This is a guest post by composer & guitarist Frank Wallace.
In my article Loud, or Robust?, I mentioned performing Narváez in a 12th century church. It was magical. It was transformative. I heard every voice of a four-part texture as if it were being sung. I must assume that this is how Narváez and his colleagues and audience of the day heard their music. It is not the same in a carpeted room with soft plaster board walls and absorptive curtains. I’m sure old Luys did not always play in a magnificent acoustic, but the norm in Spain today is very, very different than the norm in America. Floors are NOT covered in rugs and carpet – they are hard tile. A bar in Spain is LOUD – voices carry and reverberate as do the stone streets. It is downright cacophonous. Play a guitar there or a vihuela and it is loud, not muted, and the notes are much more sustained, or vocal, if you will.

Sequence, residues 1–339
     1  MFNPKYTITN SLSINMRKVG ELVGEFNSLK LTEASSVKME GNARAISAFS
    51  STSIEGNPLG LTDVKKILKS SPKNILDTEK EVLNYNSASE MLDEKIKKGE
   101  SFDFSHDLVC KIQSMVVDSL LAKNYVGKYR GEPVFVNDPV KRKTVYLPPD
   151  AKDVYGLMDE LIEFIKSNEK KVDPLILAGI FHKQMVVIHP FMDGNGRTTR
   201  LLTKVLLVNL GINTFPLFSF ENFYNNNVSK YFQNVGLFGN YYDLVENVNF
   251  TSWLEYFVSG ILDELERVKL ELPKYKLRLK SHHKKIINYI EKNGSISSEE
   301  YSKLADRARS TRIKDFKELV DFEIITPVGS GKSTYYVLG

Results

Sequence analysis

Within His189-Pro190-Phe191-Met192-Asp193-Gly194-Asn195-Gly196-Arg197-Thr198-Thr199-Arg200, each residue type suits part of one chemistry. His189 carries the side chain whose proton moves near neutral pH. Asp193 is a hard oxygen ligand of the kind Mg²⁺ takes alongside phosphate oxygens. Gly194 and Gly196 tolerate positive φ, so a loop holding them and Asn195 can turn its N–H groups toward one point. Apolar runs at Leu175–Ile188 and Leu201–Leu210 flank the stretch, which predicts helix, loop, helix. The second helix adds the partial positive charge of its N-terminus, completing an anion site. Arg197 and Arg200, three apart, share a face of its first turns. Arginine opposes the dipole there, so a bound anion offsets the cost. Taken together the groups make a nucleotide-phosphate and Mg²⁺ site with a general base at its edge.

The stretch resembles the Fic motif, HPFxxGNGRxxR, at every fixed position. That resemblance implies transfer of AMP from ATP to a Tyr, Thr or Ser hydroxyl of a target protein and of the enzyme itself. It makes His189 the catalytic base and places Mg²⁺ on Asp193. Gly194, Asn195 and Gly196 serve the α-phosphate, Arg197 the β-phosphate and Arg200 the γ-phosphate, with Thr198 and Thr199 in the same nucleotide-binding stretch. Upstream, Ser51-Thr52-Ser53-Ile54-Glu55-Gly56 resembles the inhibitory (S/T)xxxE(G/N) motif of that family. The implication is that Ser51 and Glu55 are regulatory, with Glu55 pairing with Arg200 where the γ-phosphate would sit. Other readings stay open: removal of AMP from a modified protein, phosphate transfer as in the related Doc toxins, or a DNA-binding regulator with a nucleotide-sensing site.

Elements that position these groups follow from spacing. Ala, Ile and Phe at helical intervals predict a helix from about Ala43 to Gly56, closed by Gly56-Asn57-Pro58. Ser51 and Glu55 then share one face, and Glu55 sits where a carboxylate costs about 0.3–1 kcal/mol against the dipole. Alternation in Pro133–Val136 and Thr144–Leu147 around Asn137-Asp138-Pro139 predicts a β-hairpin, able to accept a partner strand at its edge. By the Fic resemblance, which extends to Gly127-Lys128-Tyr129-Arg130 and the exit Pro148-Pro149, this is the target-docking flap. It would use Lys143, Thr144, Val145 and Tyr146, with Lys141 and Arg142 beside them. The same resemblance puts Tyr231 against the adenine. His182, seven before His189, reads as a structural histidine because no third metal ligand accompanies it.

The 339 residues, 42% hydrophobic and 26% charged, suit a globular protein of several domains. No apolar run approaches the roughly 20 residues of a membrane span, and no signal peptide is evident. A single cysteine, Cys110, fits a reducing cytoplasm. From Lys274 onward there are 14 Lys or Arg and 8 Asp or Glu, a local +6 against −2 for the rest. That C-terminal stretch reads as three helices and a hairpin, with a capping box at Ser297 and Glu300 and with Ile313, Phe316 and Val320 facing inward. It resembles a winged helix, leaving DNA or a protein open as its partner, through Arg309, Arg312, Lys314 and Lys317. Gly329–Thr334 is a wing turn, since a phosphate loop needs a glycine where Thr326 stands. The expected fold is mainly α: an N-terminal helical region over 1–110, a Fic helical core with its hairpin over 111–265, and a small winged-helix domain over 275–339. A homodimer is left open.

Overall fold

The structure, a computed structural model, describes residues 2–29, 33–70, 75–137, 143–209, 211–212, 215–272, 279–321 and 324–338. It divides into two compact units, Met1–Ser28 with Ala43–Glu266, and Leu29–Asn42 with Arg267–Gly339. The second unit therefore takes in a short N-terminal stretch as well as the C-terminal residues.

Where did Narváez’s music come from? Why did he write what he wrote and from what traditions did he emerge? The vihuela repertoire commonly played on the modern guitar is but a tiny portion of the extant repertoire: roughly 700 pieces contained in seven books. Of that at least half the pieces are arrangements (intabulations) of choral repertoire. And most of the rest are fantasías in the choral, or polyphonic style. The few sets of instrumental variations called diferéncias are in fact quite rare and dance music is virtually non-existent. Some might surmise that dance and diférencias traditions were the more popular style that did not need to be written down. I don’t believe there is any evidence for that however, and even if so, it would have certainly been considered of lesser importance, or sophistication. Miguel Fuenllana makes it clear in his introduction that the purpose of his book is to teach the art of composition through the study of the great masters of his day: Guerrero and Morales, Flecha and the Flemish composers Josquin, Gombert, Willaert, etc. By the very nature of his written format [red numbers in the tablature which are to be sung] he makes it clear that his practice involves singing one part of the texture while playing all the parts. One piece demands that you sing the bass, another the alto and so on through all the voices. Teresica Hermana is a great example of very quick complex polyphony demanding great technical skill of the left hand while singing the bass part [Listen Teresica Hermana].